Ohio State Spring Football Preview: Wide Receiver

Ohio State Spring Football Preview: Wide Receiver

Spring 2018

Ohio State Spring Football Preview: Wide Receiver


Spring practice has started in Columbus, and we are continuing our preview look at each position group at Ohio State. This time we’ll look at the deep, talented and experienced wide receiver group.


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2018 Spring Preview Sections

Spring Overview | The Quarterbacks | The Running Backs | Offensive Tackle | Center | Tight End | H-Back | If Tate Martell Is The QB | If Joe Burrow Is The QB | If Dwayne Haskins Is The QB

Ohio State Spring Football Preview: Wide Receiver

For perhaps the first time during the Urban Meyer era at Ohio State, there aren’t many question marks at the wide-receiver position. That’s because all six from the three positions on the two-deep return — with some shunning the opportunity to be chums with Roger Goodell.

We’ve already previewed the H-Back/Slot position, so we’ll be strictly looking at those lining up wide (X and Z) here.

Key Losses

trevon grimes

Grimes was a highly touted high school recruit coming out of Pompano Beach, FL, but took a leave of absence because of family issues last year. He was seldom used in mop up duty against Army and UNLV in 2018 before heading back home. If he stayed in Columbus, he would have likely had to wait yet another year with all the experience returning at the position, but nobody can blame him for wanting to be closer to home.

Returning Talent

Terry Mclaurin

McLaurin was the team’s third leading receiver both in catches and yards, and had numerous big plays as a target in the red zone — scoring 6 TDs. He’s got speed to burn just like most of the Zone 6 kids, and if other teams make the mistake Wisconsin did by matching him up with a safety underneath — good night.

johnnie dixon

Dixon struggled with injuries early on in his career and almost gave up football. But then last year happened. The 5-11, 195 pounder was an explosive play waiting to happen. Despite having just eighteen receptions, he led the team with 23.4 yards per catch, and in finding the colored part of the field-turf eight times. He did disappear at times last year, so more consistency will be key in his progression.

austin mack

Mack might have the best hands on the team. He’s not exactly slow, but he’s more known for catching the ball in traffic and moving the chains. He’s a great route runner and student of the game that could be an even bigger part of the offense in 2018. He has the potential to be a great one, but he’ll be in a stiff competition with Binjamen Victor.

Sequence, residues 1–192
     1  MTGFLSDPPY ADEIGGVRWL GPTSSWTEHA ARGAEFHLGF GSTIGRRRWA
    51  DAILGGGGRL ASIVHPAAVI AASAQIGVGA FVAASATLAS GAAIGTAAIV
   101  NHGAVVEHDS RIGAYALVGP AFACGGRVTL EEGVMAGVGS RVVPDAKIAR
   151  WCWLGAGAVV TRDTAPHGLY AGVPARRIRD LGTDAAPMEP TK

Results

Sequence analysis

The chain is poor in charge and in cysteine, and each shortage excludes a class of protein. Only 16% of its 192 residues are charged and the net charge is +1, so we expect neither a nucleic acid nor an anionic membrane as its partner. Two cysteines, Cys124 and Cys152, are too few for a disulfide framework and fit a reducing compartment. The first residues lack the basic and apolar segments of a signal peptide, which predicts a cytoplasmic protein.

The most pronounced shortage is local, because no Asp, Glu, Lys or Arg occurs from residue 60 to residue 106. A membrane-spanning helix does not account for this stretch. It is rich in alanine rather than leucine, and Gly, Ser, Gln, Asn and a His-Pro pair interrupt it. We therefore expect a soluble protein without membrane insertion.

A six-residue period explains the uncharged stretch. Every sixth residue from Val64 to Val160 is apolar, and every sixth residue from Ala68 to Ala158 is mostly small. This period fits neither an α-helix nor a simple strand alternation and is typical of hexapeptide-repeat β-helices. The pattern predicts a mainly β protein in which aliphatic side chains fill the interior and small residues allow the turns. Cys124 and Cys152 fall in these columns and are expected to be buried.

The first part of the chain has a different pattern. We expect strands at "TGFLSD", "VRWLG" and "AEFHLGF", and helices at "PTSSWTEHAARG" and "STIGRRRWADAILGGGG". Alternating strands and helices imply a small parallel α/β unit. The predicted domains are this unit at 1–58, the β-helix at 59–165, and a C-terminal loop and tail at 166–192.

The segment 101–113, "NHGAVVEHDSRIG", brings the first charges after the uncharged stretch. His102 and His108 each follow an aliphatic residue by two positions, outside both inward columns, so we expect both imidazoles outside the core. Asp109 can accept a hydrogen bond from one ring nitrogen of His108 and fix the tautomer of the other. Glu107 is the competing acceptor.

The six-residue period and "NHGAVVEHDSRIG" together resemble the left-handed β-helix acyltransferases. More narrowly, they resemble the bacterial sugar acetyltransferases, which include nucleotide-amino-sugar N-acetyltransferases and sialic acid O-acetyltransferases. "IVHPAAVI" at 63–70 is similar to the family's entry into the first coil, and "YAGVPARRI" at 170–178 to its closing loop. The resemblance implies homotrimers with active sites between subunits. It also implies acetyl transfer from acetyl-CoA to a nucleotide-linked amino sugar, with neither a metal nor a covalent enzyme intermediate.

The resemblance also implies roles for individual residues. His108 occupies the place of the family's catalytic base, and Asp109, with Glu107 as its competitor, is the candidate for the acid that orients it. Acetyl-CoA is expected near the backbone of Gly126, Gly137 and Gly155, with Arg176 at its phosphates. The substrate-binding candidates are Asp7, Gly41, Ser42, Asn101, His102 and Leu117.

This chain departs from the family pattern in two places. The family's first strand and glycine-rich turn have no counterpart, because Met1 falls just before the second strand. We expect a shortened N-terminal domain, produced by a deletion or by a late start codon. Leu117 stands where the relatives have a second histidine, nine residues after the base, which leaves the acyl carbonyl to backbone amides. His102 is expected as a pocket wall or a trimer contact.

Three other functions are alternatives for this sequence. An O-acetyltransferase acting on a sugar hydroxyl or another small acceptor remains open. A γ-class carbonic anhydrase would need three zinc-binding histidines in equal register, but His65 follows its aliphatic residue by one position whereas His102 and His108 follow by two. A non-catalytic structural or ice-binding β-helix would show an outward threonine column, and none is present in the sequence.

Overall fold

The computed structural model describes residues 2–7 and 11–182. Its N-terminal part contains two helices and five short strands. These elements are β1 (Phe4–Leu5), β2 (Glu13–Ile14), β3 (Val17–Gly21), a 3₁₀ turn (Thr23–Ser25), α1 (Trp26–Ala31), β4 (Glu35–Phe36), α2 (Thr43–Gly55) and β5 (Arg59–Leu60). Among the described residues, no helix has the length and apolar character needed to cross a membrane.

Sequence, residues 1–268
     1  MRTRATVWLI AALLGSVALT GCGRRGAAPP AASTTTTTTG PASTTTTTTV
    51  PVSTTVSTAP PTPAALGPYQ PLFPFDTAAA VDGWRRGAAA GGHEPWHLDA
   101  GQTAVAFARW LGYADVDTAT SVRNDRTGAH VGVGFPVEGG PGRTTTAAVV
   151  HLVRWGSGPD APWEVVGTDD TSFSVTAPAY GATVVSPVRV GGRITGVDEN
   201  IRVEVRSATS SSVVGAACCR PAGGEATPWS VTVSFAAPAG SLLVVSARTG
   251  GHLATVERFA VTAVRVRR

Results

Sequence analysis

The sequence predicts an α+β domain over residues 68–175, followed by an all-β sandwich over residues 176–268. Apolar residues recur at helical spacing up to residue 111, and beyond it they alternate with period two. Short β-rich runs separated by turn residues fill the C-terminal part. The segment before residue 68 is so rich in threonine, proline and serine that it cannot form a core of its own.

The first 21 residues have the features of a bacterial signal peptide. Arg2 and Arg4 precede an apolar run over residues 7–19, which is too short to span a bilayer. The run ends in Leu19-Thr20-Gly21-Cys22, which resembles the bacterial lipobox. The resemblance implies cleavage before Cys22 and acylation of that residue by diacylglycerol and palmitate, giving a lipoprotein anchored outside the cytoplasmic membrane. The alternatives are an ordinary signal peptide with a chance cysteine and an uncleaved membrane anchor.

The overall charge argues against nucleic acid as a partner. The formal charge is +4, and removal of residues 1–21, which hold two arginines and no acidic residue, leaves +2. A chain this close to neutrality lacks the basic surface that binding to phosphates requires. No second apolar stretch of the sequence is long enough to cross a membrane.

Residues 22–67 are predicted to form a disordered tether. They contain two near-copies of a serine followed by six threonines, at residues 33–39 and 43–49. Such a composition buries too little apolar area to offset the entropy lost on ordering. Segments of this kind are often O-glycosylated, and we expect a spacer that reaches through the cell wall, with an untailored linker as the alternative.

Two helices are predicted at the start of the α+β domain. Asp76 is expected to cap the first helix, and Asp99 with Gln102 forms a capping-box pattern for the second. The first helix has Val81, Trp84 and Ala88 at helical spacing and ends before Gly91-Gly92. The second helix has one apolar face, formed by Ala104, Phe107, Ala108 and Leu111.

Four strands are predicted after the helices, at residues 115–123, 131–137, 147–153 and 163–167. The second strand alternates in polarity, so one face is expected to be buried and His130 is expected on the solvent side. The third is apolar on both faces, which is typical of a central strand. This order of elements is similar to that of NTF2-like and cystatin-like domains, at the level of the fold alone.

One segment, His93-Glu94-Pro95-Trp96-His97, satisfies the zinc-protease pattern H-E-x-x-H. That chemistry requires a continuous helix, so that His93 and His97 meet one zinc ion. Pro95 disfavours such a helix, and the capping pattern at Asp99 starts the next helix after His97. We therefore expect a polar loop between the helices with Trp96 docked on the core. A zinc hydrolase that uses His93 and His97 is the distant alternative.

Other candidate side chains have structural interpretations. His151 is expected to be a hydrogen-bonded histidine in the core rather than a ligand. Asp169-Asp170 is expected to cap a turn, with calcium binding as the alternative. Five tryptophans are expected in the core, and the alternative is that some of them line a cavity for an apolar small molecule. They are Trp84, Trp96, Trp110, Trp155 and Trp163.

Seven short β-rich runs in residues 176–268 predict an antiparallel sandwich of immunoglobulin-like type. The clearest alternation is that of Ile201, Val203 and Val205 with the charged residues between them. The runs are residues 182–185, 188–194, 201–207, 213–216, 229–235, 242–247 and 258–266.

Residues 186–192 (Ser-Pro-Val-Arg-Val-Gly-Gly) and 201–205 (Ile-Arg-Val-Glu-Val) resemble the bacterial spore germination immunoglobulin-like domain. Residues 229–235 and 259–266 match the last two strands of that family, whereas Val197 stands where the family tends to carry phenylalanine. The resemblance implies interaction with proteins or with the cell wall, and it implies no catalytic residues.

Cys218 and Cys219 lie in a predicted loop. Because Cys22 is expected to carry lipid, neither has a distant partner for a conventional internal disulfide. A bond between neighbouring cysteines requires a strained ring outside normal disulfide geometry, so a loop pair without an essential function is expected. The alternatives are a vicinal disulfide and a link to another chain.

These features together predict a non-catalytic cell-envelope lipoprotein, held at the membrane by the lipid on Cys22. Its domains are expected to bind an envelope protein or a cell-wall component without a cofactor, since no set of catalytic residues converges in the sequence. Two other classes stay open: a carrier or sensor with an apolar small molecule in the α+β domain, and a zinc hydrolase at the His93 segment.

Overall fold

binjimen victor

Speaking of Victory, if you’ve been following us this year at all, you know that I expect Victor to have a breakout year. The kid is rangy at 6-4, 195 lbs. with deceptive speed — gobbling up yards with long strides. His height makes him a dangerous threat on fade patterns and down in the redzone. He’s been plagued a bit with drops, but if he can get things right in his head, he’ll be the star of the bunch and maybe most talented in the Big Ten.

Jaylen Harris

It’s okay to get excited about Harris, but we have to remember that young receivers normally take time to develop. He received some hype coming out of high school and impressed in practice as a freshman last year, but never really cracked the receiver rotation. He’s a tantalizing weapon at 6-5, 205 lbs. but is probably still a year away barring injury, or some unexpected skyrocketing past more experienced kids already getting it done with the lights on.

Incoming class

Kamryn Babb

Babb came to Ohio State out of Christian Brothers College in St. Lous, MO. He is a top 100 recruit and No. 13 rated receiver in the class of 2018. He is 6-1, 189 lbs. and a kid who has shown the ability to make plays in traffic but who might be a bit overlooked because of injury. It’s probably all about positioning himself for next year, but he adds depth in the event that it’s needed down the line.

L’Christian (Blue) Smith

Many recruiting services had Smith rated as an athlete, but he played wide receiver at Wayne High School in Dayton. He’s not the speed-burner type you see out in space, but he’s tall at 6-6 and showed the ability to go up in the air on the outside and make the tough catches. Don’t be surprised if the coaches try him out down the line at tight end, but he could be a matchup problem against smaller defensive backs when he punches his way out of the depth chart down the line.

cameron brown

Brown was the teammate of Kamryn Babb at Christian Brothers College in St. Louis. At 6-1, 175 lbs. he could stand to put a little more on his frame and will likely be looking for playing time beyond this year. When he does get his chance, he has shown that he understands route running and has 4.4 speed. Those tools will fit well at the big-time college level if he can put it all together.

chris olave

Don’t think about this year for some of the pass-catching youngsters Ohio State has brought in. This is all about next year and beyond when many of the Buckeyes’ two-deep at the position could be gone. Olave is in that frame of mind. He’s not the big possession type, but more of a burner that can move between the slot and y-receiver position to create mismatches out in space. Look for him to make more of a splash next year and beyond.

Predicting the Pecking Order

We’ll have to watch to see if any of the freshman get moved to H-Back or tight end, or if any of them are red-shirted, but we’ll take it at face value right now.

  1. Z-Receiver
    1. Johnnie Dixon
    2. Terry McLaurin
    3. Jaylen Harris
    4. Chris Olave*
    5. Cameron Brown*

    X-Receiver

    1. Binjimen Victor
    2. Austin Mack
    3. L’Christian “Blue” Smith*
    4. Kamryn Babb*

* Freshman

 

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